Federal Government Approves Insolvency Regulations for Businesses – Insolvency/Bankruptcy

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On 24 April 2022, the Honorable Minister for Industry, Trade and Investment approved the Insolvency Regulations 2022 (“the Regulations”), pursuant to the powers conferred upon him by Section 867 of the Companies and Related Matters Act 2020 (“CAMA”). The regulations, which were issued by the Corporate Affairs Commission (CAC or “the Commission”), repeal section 24 of the Companies Regulations 2021 and are inapplicable to procedural rules relating to insolvency applications brought by the judge Chief of the Federal High Court. or any court of competent jurisdiction to hear matters arising out of the CAMA.

The Regulations, which are divided into 13 parts and 3 schedules, introduce provisions aimed at clarifying compliance requirements for insolvency practitioners and providing a comprehensive governance and procedural framework for the practice of insolvency, in accordance to the best global regulatory practices. We have highlighted some of the important provisions of the Regulations below:

1. Accreditation of Insolvency Practitioners – In exercising its powers under Section 705 of CAMA 2020 to make instruments and orders, the Board under Regulation 1.07 sets out the qualification, standards, competence, discipline and requirements for accreditation of insolvency practitioners in Nigeria. This is to reduce instances of fraud/embezzlement or incompetence and mismanagement.

2. Corporate Voluntary Arrangements – Policy 2.02 defines the content of a proposed Corporate Voluntary Arrangements (CVA). This includes assets and liabilities, applicant fees and expenses, CVA timing, and any other matters that should enable proposing members and creditors to make an informed decision on the proposal.

3. Creation and Operation of a Creditors’ Committee in a Jurisdiction – Part V of the Regulations provides for the creation and operation of a creditors’ committee in a Jurisdiction. The function of the Committee is to assist the director in the exercise of his functions and to draw up or review a plan of reorganization, or to decide whether the company should be liquidated. The Regulations also provide for remote participation in Committee meetings when the director deems it appropriate.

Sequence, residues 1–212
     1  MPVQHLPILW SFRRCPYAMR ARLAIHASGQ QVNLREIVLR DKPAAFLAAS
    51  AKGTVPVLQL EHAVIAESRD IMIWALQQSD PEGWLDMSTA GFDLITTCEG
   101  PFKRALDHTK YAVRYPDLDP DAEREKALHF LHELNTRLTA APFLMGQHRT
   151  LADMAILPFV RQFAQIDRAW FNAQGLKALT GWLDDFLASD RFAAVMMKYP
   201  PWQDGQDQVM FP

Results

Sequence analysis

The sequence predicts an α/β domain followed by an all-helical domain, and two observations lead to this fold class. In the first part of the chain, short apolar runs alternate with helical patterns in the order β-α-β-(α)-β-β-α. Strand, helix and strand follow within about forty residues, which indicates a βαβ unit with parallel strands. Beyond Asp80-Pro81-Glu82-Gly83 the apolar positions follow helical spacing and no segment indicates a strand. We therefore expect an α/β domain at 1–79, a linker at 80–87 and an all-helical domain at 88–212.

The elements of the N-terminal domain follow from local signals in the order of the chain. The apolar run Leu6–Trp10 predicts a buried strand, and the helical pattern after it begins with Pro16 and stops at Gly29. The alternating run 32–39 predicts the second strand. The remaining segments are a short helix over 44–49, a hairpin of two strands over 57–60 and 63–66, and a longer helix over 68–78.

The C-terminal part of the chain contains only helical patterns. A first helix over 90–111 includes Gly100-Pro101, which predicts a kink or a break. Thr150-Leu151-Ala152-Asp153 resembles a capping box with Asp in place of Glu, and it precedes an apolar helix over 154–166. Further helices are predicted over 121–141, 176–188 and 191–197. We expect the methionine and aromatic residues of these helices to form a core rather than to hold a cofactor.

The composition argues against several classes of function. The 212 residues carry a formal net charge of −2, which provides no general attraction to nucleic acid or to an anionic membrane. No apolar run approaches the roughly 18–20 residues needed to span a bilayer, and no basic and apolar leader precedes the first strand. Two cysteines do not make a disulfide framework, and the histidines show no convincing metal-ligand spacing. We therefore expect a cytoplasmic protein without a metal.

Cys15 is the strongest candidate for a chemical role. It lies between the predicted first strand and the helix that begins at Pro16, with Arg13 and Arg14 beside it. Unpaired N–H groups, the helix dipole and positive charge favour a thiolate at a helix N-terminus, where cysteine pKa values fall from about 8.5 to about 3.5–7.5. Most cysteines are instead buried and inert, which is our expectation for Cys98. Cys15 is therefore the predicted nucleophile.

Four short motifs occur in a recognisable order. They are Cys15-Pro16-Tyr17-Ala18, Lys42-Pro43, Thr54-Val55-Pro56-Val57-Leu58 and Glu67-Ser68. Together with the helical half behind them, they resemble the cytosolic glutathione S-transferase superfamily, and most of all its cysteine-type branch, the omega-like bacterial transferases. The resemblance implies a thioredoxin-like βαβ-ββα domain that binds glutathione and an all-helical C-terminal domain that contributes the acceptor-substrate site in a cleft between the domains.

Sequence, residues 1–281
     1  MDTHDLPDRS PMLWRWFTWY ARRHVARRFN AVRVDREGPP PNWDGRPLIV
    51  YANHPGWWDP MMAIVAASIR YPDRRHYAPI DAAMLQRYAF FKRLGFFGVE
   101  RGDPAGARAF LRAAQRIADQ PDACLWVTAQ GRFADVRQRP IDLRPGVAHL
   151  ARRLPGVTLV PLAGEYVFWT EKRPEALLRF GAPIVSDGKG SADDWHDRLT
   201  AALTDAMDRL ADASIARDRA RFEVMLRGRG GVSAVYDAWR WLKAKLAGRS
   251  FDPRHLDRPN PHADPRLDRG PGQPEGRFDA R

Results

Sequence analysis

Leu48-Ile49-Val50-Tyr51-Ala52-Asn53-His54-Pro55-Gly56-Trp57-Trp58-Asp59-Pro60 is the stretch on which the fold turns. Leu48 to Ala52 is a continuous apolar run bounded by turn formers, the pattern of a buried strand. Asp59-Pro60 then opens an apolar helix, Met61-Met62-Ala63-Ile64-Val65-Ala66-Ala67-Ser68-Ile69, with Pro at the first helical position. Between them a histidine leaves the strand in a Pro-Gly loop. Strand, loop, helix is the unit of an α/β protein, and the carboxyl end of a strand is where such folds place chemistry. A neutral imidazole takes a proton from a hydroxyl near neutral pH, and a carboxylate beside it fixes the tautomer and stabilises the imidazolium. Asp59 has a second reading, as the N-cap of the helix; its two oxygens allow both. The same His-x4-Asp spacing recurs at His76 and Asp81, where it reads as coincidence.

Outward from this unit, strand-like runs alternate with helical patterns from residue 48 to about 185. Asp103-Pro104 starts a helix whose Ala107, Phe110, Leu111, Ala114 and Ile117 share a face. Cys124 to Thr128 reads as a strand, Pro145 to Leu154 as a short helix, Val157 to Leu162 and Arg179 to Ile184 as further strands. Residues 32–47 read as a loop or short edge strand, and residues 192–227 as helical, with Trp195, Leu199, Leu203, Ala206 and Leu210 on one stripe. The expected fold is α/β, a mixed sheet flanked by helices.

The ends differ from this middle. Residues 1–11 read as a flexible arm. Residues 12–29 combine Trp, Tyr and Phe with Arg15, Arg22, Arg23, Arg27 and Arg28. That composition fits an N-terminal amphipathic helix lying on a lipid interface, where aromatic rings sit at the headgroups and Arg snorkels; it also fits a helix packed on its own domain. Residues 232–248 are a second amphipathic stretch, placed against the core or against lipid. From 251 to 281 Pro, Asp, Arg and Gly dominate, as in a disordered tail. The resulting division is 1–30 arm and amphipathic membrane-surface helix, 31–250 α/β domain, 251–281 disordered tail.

4. Directors’ Reports and Remuneration – Part 6 of the Regulations provides that the director must prepare and submit progress reports to the Commission. This will contain, among other things, the date of appointment of the administrator, details of the progress made during the reporting period, including a summary statement of receipts and payments during the reporting period, the information relating to remuneration and expenses, etc.

Remark

The CAMA is a critical piece of legislation that impacts the Nigerian business climate. The Insolvency Regulations are therefore commendable as they establish specific time limits and details required to perform insolvency activities as contained in the CAMA 2020, which is appropriate for contemporary business and insolvency practices. Nevertheless, there are still gaps in the CAMA that have not been addressed in the Regulations. For example, the CAMA provides that a receiver or manager may be removed by a court at the request of an “interested person”. However, the Regulations do not define who can be considered an “interested person” for the purposes of a request under this article, which may give rise to different interpretations.

In addition, the CAMA provides that a person may apply to the Federal High Court to make a proposal for the replacement of a candidate. However, it does not specify the form in which the request must be made. Similarly, the Rules fail to specify the form that a request for a proposal for a scheme of arrangement or compromise should take. However, we expect that such requests can be made either by using a ‘statement of claim’ or ‘motions’, as provided for in the Companies Court Rules 1992, which still apply. It also fails to provide notice of meetings called and the required notice period.

We anticipate subsequent legislative amendments to CAMA 2020 and amendments to the Rules to address the above and other deficiencies. In the meantime, restructuring entities must comply with the provisions of CAMA 2020 and related regulations.

Please click here to download the Insolvency Regulations 2022.

The content of this article is intended to provide a general guide on the subject. Specialist advice should be sought regarding your particular situation.

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